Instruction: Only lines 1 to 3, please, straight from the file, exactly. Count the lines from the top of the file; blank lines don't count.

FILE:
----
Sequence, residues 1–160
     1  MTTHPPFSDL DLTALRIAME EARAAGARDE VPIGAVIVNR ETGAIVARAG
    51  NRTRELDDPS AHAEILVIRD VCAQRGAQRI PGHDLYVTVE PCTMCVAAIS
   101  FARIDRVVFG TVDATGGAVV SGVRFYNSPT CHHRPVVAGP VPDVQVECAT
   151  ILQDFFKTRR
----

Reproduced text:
Sequence, residues 1–160
     1  MTTHPPFSDL DLTALRIAME EARAAGARDE VPIGAVIVNR ETGAIVARAG
    51  NRTRELDDPS AHAEILVIRD VCAQRGAQRI PGHDLYVTVE PCTMCVAAIS